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Cillin Reburial Ceremony in Tyrrellspass

The bog oak sculpture created by Michael and       Kevin Casey which was placed in Tyrrellspass cemetery.

The bog oak sculpture created by Michael and Kevin Casey which was placed in Tyrrellspass cemetery.

A unique and moving ceremony took place in Tyrrellspass Co Westmeath on Saturday last June 23. Cillin or infant burials that were excavated during the building of the M6 Motorway just outside Tyrrellspass were reinterred in Tyrrellspass Cemetery following a Funeral Mass and ecumenical service in StStephen’s Catholic Church.

Almost 1,000 remains were taken from the site during the building of the motorway. Most of the removed remains (dating back as far as 500AD) are still in the possession of the National Museum of Ireland. Only about a third of the site in Ballykilmore has been excavated so far leading to informed speculation that there could still be thousands more buried there. The ruins of an ancient church was also discovered with the bodies during these excavations.

The townland of Ballykilmore lies just north of Tyrrellspass where the road from Tyrrellspass to Croghan crosses the M6 motortway and is not far from the border with County Offaly. A large crowd attended the Mass and ceremony which was celebrated by Tyrrellspass Priest and Native of Rahan Fr Barry Condron. Rev G Fields from the Church of Ireland in Tullamore Union of Parishes was also in attendance as were representatives from Westmeath County Council,

The National Roads Authority and The National Museum. Fr. Barry thanked Westmeath County Council for their support with the funeral ceremony and also in commissioning the Memorial bog oak sculpture to mark the grave. This sculpture of a child being cared for (created by Casey bog oak studios, a sample of whose other works include Poullough Church Altar and sanctuary) was sculpted from local bog oak which was radio carbon dated as being 5,600 years old.

Fr Barry paid particular thanks to Archaeologist Orlaith Egan for her caring dedication and hard work over the past year and thanked the National Roads Authority and the National Museum. He said “it is a great privilege for all of us to be a part of giving these 200 children and one adult a long overdue and dignified burial. They were once excluded from their communities because of societal and religious practices but now they will remain at the heart of our community for all time. Their Souls are in the arms of God,” he said.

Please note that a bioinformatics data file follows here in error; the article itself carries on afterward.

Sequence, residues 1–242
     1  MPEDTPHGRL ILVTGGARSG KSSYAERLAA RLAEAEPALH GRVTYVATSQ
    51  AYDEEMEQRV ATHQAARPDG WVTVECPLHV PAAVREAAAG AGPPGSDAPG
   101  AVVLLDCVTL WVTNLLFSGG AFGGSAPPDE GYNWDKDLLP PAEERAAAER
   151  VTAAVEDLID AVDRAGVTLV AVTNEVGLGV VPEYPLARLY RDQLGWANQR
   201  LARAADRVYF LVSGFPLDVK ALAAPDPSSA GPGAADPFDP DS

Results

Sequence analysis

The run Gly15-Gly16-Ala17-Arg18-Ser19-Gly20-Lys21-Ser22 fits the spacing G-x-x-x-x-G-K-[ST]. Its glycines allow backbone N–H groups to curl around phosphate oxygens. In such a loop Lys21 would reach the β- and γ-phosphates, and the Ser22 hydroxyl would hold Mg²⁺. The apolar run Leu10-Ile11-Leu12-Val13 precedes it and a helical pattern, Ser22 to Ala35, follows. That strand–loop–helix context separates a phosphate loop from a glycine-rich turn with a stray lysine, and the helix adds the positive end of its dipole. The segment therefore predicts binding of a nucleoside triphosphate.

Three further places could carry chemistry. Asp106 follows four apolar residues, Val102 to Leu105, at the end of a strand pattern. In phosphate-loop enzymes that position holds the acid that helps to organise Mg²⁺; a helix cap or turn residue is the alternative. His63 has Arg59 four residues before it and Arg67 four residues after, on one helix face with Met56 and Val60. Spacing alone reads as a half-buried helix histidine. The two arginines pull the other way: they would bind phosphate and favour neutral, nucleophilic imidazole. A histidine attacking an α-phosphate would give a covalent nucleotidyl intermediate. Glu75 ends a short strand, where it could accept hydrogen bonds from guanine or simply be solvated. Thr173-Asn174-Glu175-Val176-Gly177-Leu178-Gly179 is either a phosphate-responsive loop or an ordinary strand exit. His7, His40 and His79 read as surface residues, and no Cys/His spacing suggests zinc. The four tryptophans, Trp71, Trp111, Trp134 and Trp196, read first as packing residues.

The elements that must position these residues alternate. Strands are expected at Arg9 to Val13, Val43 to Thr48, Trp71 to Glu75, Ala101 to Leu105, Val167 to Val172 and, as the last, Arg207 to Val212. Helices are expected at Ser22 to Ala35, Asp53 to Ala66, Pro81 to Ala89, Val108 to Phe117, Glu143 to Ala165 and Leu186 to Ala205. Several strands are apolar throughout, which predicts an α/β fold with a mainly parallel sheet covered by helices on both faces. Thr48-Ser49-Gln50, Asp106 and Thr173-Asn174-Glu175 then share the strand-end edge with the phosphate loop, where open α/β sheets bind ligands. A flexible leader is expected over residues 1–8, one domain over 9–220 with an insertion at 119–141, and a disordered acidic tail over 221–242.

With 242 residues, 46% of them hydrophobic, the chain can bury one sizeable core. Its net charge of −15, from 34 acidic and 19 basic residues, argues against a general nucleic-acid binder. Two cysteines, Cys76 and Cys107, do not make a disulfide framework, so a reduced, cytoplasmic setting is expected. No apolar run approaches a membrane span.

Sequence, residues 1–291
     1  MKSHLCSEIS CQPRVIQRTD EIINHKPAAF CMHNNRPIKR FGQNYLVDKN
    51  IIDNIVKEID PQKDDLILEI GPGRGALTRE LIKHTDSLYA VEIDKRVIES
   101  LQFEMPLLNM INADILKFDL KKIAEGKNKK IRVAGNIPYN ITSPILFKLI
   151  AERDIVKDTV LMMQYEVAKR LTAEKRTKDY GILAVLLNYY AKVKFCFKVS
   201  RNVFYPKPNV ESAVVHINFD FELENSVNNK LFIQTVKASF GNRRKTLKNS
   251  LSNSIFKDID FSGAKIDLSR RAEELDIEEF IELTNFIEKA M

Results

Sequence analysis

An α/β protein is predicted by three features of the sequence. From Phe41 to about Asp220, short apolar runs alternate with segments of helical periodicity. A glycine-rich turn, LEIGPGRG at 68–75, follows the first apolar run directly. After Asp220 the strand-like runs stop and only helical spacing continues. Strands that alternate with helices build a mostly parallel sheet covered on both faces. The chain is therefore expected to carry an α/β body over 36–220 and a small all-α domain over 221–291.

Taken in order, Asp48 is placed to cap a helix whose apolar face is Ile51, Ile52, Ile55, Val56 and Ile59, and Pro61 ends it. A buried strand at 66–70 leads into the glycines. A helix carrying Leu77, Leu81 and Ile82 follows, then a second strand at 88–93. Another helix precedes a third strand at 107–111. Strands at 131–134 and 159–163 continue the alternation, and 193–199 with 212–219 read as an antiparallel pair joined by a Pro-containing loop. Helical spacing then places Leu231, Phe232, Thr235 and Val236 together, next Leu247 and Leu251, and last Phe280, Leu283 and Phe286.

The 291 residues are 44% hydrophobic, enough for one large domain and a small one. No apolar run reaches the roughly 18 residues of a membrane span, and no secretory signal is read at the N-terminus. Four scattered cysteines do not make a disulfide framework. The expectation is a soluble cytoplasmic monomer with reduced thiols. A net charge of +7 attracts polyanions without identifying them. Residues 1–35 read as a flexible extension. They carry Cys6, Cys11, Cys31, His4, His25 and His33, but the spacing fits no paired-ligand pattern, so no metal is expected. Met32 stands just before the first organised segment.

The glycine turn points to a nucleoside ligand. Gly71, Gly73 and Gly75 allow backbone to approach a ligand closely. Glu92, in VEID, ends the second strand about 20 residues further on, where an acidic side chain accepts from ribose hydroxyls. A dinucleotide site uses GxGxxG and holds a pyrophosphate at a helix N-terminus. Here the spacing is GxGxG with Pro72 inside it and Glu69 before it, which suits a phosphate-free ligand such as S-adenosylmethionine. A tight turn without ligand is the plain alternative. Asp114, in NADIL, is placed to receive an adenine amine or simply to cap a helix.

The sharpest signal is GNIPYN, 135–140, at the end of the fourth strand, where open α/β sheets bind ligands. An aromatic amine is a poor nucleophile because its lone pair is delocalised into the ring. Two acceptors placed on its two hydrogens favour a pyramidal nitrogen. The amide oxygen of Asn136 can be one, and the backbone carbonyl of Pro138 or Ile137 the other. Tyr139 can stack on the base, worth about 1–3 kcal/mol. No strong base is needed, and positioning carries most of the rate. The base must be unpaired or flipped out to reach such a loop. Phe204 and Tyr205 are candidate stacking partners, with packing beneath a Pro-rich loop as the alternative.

Despite the inclement weather a large crowd turned out for the burial ceremony. The grave and memorial can be visited at Tyrrellspass cemetery. People are welcome to leave flowers at the grave.

Cillin burials, also known as Ceallunaigh, Lisheen or Reilig can be found in ring forts, At cross roads, under lone bushes, near wells at megalithic tombs, outside graveyard walls or at disused churches. All places that were likely not to be disturbed. Although there is some evidence to suggest that some of these segregated burial places are pre Christian in origin, the majority are thought to have originated following the Christian practice of Baptism being taught as necessary for salvation or to inherit eternal life.

This led to the theory (Although never official church dogma) of limbo as a place where the unbaptized or socially marginalised went after death. Sadly, this theory existed until relatively recently.

Those who died without being baptised and other marginalised or non religious groups were not buried with the baptised. Instead and with no ceremony they were placed in one of these Cillin sites. This was usually done by male family members under cover of darkness. With infant burials family grief was undoubtedly compounded all the more by belief that their little ones would never see God or Parents again

and would live for eternity in the state of ‘limbo’.

There is also evidence to suggest that these exclusions were not just the result of religious belief but that ordinary society of the day had it’s opinions regarding who was welcome and who was not. Those who broke from the social norms and morals could be banished or rejected even in death.

 

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